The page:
That was prior to June though, and the last few months have seen a shift in my mental stance, almost exclusively for the better. I’m probably still not a positive person, at least by definition of the word, and thinking about it I’d prefer to use the phrase ‘realistic.’ There was always something unrealistic about the way I expected days to go, because that was my perspective on reality at the time. My reality was reluctant: I don’t think it is anymore. Four weeks from now I turn 22, and I think there’s a point at which it isn’t constructive to be looking for the bad situations and hoping for the best out of them. I don’t want to be 22 and be a bummer when I’m around people, on edge about what might end up going wrong, when in fact there’s little guarantee that it’d be an eventuality. Eventually, you have to make a change, and start seeing the glass as half full instead of half empty. My glasses were always half empty, and upon realising that they were I normally downed them pretty quickly thereafter. I like to take my time now, savour situations instead of antagonising over them. I’d prefer to laugh in the face of a problem then let it consume me. I’d rather look for silver linings than accept the cloud and it’s ensuing rain. Part of that realization came from travelling around America and realising that there was a lot more out there than what I was simply allowing myself to see through tinted glasses. Part of it is still an ongoing process, which seems to be all the more positive day after day. It was something that I had to set in motion, an awakening of sorts, and now I’m enjoying the benefits of that outlook. I’ve found its easier to enjoy myself, to enjoy where I am and who I’m there with. The sad songs don’t seem as sad anymore, and when I listen to them I hear the voices of people escaping through music instead of wallowing in it. I used to wallow a lot. Those same songs now, at 21 going on 22, seem to suggest that I’m not that sad anymore. They suggest that things aren’t that bad, and that they never really were. Now, I can listen to a downer of a track and notice the distance I stand apart from it. Granted, that isn’t always the case, but I’m able to gain that focus a lot more than I used to.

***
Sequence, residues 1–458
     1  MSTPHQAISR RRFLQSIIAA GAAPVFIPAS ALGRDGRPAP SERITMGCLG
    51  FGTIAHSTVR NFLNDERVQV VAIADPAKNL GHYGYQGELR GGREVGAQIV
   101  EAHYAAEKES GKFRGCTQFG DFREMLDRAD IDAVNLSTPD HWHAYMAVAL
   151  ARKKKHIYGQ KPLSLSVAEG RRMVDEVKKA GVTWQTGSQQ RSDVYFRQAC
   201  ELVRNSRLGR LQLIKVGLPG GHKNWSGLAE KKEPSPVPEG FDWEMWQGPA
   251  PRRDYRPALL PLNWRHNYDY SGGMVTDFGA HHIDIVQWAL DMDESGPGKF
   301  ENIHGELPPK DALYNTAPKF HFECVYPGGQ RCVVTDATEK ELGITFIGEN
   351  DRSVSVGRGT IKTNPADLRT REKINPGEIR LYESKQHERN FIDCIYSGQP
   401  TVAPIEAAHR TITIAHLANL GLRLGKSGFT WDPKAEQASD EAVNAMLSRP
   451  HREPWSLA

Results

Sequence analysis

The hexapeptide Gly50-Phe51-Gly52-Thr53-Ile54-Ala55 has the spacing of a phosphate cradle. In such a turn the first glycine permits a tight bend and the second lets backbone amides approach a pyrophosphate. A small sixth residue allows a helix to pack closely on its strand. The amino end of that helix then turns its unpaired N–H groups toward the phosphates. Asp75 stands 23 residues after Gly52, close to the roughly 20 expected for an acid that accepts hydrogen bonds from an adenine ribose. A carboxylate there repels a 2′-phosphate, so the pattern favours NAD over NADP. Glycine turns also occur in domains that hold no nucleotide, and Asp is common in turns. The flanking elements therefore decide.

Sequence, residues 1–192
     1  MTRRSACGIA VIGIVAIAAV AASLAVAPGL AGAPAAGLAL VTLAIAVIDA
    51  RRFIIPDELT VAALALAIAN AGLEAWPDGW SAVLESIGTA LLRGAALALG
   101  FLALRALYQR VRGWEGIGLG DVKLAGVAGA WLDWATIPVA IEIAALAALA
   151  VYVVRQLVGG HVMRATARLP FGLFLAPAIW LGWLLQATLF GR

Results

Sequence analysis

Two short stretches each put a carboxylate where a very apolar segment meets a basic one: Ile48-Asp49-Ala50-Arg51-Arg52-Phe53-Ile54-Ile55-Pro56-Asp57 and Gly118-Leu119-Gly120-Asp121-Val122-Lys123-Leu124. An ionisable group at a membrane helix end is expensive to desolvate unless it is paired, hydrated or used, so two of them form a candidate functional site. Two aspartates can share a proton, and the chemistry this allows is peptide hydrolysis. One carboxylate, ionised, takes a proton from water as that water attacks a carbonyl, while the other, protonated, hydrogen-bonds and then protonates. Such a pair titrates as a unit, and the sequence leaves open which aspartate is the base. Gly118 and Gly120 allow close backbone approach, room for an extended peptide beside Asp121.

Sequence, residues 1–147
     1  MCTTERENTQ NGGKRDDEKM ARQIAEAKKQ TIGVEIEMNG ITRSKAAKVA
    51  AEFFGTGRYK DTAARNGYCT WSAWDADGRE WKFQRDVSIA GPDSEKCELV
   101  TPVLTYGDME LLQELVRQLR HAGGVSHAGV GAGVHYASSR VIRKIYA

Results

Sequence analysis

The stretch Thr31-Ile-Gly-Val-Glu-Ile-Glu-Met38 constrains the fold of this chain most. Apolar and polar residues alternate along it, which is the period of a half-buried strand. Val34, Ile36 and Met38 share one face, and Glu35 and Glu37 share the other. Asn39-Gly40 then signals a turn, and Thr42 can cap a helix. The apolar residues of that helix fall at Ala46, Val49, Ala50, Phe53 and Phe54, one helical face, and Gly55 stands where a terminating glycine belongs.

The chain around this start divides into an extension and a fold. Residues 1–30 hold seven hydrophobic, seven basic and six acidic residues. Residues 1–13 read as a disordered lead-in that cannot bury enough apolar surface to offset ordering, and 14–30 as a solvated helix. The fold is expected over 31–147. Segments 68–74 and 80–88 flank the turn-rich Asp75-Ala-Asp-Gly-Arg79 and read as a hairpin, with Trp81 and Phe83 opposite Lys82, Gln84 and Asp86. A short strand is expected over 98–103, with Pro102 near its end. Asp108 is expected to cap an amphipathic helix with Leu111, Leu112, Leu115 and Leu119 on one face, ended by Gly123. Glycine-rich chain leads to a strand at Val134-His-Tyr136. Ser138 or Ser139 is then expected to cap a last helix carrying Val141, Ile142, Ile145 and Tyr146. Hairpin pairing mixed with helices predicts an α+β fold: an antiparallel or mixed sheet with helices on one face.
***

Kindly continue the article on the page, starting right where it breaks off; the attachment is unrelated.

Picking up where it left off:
I talk about sad songs, and from there I go into sad poetry, of which I used to write in abundance. I liked to emulate those sad songs in my work, because for me, they were the most effective way to convey something to a reader. I stand by my opinion that melancholia can be healthy, can be uplifting and enlightening, and in turn I consider sadness to be the most profound of emotions – the most affecting, the most convincing. Recently however, I’ve found that I’ve been relying on it less in my writing. It used to be a trope of my poetry, of my prose, of anything I set my mind to. I frequently bummed people out with poems about death, about distance, about some sort of emotional disaster on my part. Even the reviews on this site tended to rely on it to a degree, I spent a lot of time writing about it, and appreciating it in the music I featured. I think that’s why my output on this site has slowed to a halt pretty much, and it’s because I don’t really know how to write about emo records with the new outlook I’ve felt myself unburdened by. I’ve tried every now and then to cobble something together, but it’s not as easy as it used to be. I don’t take the same things from the songs; I can’t relate to them on the same level that I used to.